General Rabbit Care and Practices
Raising rabbits on pasture allows the animals to exercise, engage more easily in natural behavior and improve their overall quality of life, while giving the farmer a way to move or manage rabbit housing easily. Rabbits raised on pasture produce more meat and meat of nicer quality, with more omega-3 fatty acids in the limited amount of fat contained in the carcass.
Nitrogen in rabbit manure goes directly on the soil, and less is lost as ammonia gas than during composting. Some loss does occur on the field, but you can minimize the loss if the soil is absorbent, is not waterlogged or is not very dry, crusty and in direct sun. Fertility from the manure improves pasture production, and the rabbits’ direct application of manure to the field eliminates the need to make and move compost for part of the year, therefore saving labor.
Rabbits that have been intensively bred for production, such as California and New Zealands, often won’t do so well on pasture. You can raise confined rabbits to slaughter weight in eight weeks; on pasture and with less intensive feeding, they need 10 to 12 weeks.
These are some recommended breeds, primarily because they will reach a good size on pasture:
Champagne d’Argent — 12 pounds.
Crème d’Argent — 11 pounds.
Californian — 10.5 pounds.
American Chinchilla — 16 pounds.
Cinnamon — 11 pounds.
New Zealand — 12 pounds.
Palominos – 11 pounds.
Satin – 11 pounds.
Housing for rabbits is critical and must take into account the life cycle of the rabbit. We recommend housing breed stock in outdoor hutches all year. These hutches are stick-built constructions with an enclosed back and wire front.
Rabbits are pseudo-ruminators: at night, they eat pellets that are produced in the caecum during the day, directly from the anus. So the feed passes through the digestive tract twice in 24 hours. This is how rabbits, like cows, can get their nutrition from plant material. Pasture can supply up to 40% of a rabbit’s dietary needs.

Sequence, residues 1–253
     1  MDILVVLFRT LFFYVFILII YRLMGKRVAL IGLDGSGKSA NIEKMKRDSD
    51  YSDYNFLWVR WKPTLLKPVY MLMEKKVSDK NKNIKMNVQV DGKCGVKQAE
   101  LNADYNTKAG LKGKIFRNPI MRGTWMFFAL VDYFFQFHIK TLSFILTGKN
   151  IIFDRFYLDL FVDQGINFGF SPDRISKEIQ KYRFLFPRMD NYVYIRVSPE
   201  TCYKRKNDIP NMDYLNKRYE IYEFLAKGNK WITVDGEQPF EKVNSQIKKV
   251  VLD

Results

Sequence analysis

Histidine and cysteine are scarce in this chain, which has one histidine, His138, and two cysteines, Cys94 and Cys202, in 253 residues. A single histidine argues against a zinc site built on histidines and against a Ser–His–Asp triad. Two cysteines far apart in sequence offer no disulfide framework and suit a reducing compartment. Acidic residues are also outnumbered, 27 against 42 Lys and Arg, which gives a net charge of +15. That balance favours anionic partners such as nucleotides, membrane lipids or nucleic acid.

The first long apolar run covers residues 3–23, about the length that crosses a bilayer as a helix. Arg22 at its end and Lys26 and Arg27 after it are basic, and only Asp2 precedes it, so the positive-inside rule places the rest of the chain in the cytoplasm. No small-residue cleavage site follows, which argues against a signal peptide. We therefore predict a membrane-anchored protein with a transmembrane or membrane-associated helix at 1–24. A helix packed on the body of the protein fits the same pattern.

More Rabbit Resources
By Diane Schivera, M.A.T. Raising rabbits for meat is an increasingly popular farming operation in Maine. Rabbits don’t take a lot of space to raise and are efficient feed converters, with a feed-to-meat ratio for fryers of 4:1, or 20 pounds of pellets to 5 pounds of meat. Broilers’ ratio ranges from 2 to 6:1,
The rabbitry at Rabbit Hill Farm. All photos by Cheryl Wixson. By Cheryl Wixson For the urban gardener or homesteader, domestic rabbits can be valuable livestock. Rabbit meat is an excellent source of protein; the pelts can be used in numerous applications including hats, lap robes, cushion covers, vests and coats; and rabbit manure is
Rabbits on pasture. Photo courtesy of www.cuniculture.info/Docs/Phototheque/Materiel07.htm By Diane Schivera, M.A.T. Raising rabbits on pasture allows the animals to exercise, engage more easily in natural behavior, and improve their overall quality of life, while giving the farmer a way to move or manage rabbit housing easily. Rabbits raised on pasture produce more meat and meat
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